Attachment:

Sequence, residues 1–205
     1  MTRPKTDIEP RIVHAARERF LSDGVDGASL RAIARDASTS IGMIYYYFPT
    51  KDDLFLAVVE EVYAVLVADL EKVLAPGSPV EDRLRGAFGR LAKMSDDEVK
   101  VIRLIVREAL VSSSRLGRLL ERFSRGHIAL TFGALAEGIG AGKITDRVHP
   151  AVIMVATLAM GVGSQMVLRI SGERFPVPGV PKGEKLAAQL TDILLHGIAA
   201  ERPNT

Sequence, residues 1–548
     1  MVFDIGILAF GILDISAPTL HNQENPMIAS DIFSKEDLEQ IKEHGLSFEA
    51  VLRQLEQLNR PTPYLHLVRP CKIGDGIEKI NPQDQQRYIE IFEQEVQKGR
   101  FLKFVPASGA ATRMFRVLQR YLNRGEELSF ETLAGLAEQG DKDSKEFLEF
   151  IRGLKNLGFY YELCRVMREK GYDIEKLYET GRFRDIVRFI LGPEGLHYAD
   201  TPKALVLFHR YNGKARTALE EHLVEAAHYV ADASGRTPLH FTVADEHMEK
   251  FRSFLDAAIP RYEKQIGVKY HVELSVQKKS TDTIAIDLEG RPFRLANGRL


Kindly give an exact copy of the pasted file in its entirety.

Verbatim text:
Sequence, residues 1–205
     1  MTRPKTDIEP RIVHAARERF LSDGVDGASL RAIARDASTS IGMIYYYFPT
    51  KDDLFLAVVE EVYAVLVADL EKVLAPGSPV EDRLRGAFGR LAKMSDDEVK
   101  VIRLIVREAL VSSSRLGRLL ERFSRGHIAL TFGALAEGIG AGKITDRVHP
   151  AVIMVATLAM GVGSQMVLRI SGERFPVPGV PKGEKLAAQL TDILLHGIAA
   201  ERPNT

Sequence, residues 1–548
     1  MVFDIGILAF GILDISAPTL HNQENPMIAS DIFSKEDLEQ IKEHGLSFEA
    51  VLRQLEQLNR PTPYLHLVRP CKIGDGIEKI NPQDQQRYIE IFEQEVQKGR
   101  FLKFVPASGA ATRMFRVLQR YLNRGEELSF ETLAGLAEQG DKDSKEFLEF
   151  IRGLKNLGFY YELCRVMREK GYDIEKLYET GRFRDIVRFI LGPEGLHYAD
   201  TPKALVLFHR YNGKARTALE EHLVEAAHYV ADASGRTPLH FTVADEHMEK
   251  FRSFLDAAIP RYEKQIGVKY HVELSVQKKS TDTIAIDLEG RPFRLANGRL